Given the volatile environment that is swirling around the upcoming convention, I would like to make a proposal that is outside the current debate. I think we should adopt the framework for deciding delegates & chartering new units (see blog entry below for a possible framework) and suspend the Bylaws to allow officer elections to be delayed until the next regularly scheduled meeting in October.
While unconventional, my idea would allow for both sides to enter into a campaign with known rules that would not be changed after the names of delegates have been submitted. It would allow an even playing field for both sides to compete.
I think both sides feel that the process has been tarnished by the other. I see the outcome now as bitter, divisive and fertile ground for years of retribution on both sides. The CRA/CCR split still haunts this organization and that was about 25 years ago. CRA went from claiming over 100,000 members to having less than 2,500 paid members.
I have been in CRA for almost 24 years. The trend lines during that time has not been favorable. The only reason the fish in this pond are getting bigger is because the lake dried up long ago and a shrinking puddle is all that remains.
The way both sides are conducting themselves, it would be right that we wander for another generation in the wilderness. Currently I foresee only three possible outcomes. Either the CRA implodes, or it is taken over by outside interests or it is putdown like a sick animal. Greig and England are spending their time fighting over the wishbone while the rest of the carcass was consumed long ago.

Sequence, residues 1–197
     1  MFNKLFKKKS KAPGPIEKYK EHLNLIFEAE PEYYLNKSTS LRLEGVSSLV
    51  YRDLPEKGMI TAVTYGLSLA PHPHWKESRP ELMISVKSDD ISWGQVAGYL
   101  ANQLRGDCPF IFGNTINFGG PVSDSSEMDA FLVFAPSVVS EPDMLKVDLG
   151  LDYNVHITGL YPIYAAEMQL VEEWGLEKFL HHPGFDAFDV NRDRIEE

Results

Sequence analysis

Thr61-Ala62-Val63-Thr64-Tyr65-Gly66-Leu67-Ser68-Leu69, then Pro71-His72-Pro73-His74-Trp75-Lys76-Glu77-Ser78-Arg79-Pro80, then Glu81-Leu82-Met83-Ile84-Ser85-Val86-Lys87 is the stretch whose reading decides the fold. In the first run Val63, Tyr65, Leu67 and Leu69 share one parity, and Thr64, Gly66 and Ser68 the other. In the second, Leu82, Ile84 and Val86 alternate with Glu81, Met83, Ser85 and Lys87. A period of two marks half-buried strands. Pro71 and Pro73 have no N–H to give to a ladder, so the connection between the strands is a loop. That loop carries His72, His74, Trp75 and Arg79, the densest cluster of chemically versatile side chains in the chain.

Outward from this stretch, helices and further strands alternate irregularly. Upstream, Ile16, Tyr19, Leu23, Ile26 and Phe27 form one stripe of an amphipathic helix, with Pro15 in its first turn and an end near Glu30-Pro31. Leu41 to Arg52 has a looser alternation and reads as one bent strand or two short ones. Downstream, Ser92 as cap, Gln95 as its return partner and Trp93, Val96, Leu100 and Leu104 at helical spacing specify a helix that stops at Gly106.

I fully expect Karen England to try something in the courts to get an injunction against the current CRA leadership. What form this will take I’m not sure. Will she effectively halt the convention or just try to get more delegates seated? I wish I knew. In the long run, a “time out” might be just what both sides need.
I’d rather be in church on Palm Sunday instead of taking a vote on Sunday.
My last thought on this issue—however this turns out—is that the current leadership will regret not dismantling the paper clubs when they had the ability to do so. The number of paper clubs in CRA is shockingly huge.